The beaches of Cádiz are some of the finest in Andalusia and are less than a two hour drive from Seville, making them perfect destinations for a weekend of sun and sea. One of the most beautiful is Playa Zahara de los Atunes, a five-mile stretch of pristine sand and brilliant waters named after the tuna fishing village of the same name. There’s plenty to do here of a weekend, with superb chiringuitos and restaurants to hang out in, watersports to try out and even an old shipwreck to explore about 50 metres offshore. Parking and camping is available close to the beach and buses run to the village of Zahara itself (home to several decent hotels) as well as nearby Barbate.
Ask any Sevillano about Écija – a pretty pueblo blanco located about an hour’s drive east of Seville – and they’ll tell you how hot it is there and to not go in summer. Indeed, a staggering temperature of 52 degrees Celsius was once recorded here, meaning the town fully deserves its nickname of La Sartén de Andalusia – “The Frying Pan of Andalusia”. But if you’re in Seville during spring, autumn or winter, Écija is a great weekend getaway. It is famous for its ornate church towers – the tops of which are attractively adorned with tiles and which can be seen for miles around – some outstanding 18th century mansions and its charming old town.
Another gem just an hour away from Seville is the unspoilt pueblo blanco of Aracena. Located in the neighbouring province of Huelva, Aracena is at the heart of the Sierra de Aracena and Picos de Aroche natural park, which offers some wonderful walking, cycling and picnic spots. Attractions in the town itself include a hilltop medieval fort, a jamon museum and the breathtaking Gruta de las Maravillas, or “Cave of Wonders”. This subterranean network of caves and corridors extends under the castle and is the result of thousands of years of erosion: take the circular 45-minute tour to properly appreciate its eerie beauty.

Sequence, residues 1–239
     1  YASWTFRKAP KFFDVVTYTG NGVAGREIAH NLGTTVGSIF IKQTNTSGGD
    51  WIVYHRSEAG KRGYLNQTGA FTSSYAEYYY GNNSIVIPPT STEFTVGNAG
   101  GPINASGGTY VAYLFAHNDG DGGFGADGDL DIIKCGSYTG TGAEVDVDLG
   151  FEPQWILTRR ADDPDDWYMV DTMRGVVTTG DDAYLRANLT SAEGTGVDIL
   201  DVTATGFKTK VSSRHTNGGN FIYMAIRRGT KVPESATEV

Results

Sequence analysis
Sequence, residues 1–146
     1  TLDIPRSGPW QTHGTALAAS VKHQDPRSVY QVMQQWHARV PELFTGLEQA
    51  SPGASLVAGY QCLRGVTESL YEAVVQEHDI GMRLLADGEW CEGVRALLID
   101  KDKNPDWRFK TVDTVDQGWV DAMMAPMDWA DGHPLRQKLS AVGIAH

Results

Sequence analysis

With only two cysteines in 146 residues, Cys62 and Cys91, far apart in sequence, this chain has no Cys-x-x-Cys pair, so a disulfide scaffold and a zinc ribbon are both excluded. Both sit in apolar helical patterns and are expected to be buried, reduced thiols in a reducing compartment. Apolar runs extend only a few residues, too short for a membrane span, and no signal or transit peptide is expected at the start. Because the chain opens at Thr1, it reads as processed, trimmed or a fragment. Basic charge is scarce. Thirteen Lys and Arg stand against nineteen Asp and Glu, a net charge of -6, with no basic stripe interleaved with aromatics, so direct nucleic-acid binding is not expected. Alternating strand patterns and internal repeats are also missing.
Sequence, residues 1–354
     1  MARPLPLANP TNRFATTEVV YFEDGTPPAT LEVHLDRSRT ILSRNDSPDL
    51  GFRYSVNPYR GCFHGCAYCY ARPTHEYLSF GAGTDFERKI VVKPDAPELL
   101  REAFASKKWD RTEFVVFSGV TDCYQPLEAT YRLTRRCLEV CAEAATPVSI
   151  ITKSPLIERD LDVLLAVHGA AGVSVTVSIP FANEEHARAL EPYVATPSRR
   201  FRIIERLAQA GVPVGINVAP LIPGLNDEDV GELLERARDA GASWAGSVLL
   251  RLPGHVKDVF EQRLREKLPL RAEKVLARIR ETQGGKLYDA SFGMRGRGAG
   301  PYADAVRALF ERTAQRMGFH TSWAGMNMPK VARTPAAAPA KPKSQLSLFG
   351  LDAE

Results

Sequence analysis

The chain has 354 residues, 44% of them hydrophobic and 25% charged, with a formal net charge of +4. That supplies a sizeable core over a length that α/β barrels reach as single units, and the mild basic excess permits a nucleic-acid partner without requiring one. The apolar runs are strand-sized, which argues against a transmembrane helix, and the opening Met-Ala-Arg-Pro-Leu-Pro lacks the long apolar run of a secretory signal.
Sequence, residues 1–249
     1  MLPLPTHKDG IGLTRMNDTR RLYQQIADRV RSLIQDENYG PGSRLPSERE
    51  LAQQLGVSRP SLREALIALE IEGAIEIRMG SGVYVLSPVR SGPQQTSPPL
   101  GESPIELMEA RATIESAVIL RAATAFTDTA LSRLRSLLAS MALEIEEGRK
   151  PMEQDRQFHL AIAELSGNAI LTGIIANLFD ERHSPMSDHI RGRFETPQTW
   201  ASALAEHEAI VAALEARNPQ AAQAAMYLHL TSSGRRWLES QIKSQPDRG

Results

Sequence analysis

If you want to get away from the city completely for a couple of days, the beautiful natural park of Sierra Norte de Sevilla is only about a forty-minute drive north of the Andalusian capital. There are plenty of walking and cycling paths – called Vias Verdes, or “Green Ways” – to be enjoyed in the Sierra, one of the most popular of which begins in the lovely little village of Cazalla-Constantina and runs alongside a disused railway line for twelve miles. Gently undulating hills, picturesque waterfalls and wildlife including otters, boar, eagles and deer will truly take your mind off the city as you walk. Check the park’s website to find the best overnight accommodation.
The beaches around the popular resort town of Matalascañas in Huelva are the closest to the Andalucian capital and are reachable in under an hour by car. Although the town itself is not much to look at, the surrounding playas are well worth a weekend trip. Immediately to the west of Matalascañas is a small beach of the same name (sometimes also called Playa Torre de la Higuera), which backs onto some excellent seafood restaurants. Beyond Playa Matalascañas, on a 20-mile stretch of sand that runs up to Mazagaon, you’ll find some amazing fossilised sand dunes, whilst to the east of town is the stunning coastline of the Doñana national park (see below).
If you ‘re visiting Seville and want to take in not just one but two of Andalusia’s greatest cities, a weekend trip to Jerez de la Frontera is a must. This is the city of horses and of sherry and in order to fully appreciate both, go and see a breathtaking equestrian ballet at the city’s famous Royal Andalusian School of Equestrian Art and follow it up with a tour around the bodegas of Tio Pepe, a local sherry producer whose product is known the world over. If you’re visiting in early May, you can also attend the city’s annual Horse Fair – a joyful celebration of the animal so integral to Jerez’s culture and history.
Just an hour’s drive west of the Andalusian capital is the Parque Nacional de Doñana, one of Spain’s most spectacular national parks. Its vast expanses comprise wildly different terrains, from sand dunes and pine forests to wetlands and lagoons, so a variety of fauna and flora is found here. An extensive network of cycle and hiking paths provide plenty of opportunity to spot the Iberian lynx and Spanish imperial egale, Doñana’s two most prized inhabitants. The park’s administration also runs guided tours in 4x4s. Stay in the Wild-West-style town of El Rocio (which hosts the hugely popular Romeria feria every May) or in Matalascañas, on the park’s untamed Atlantic coast (see above).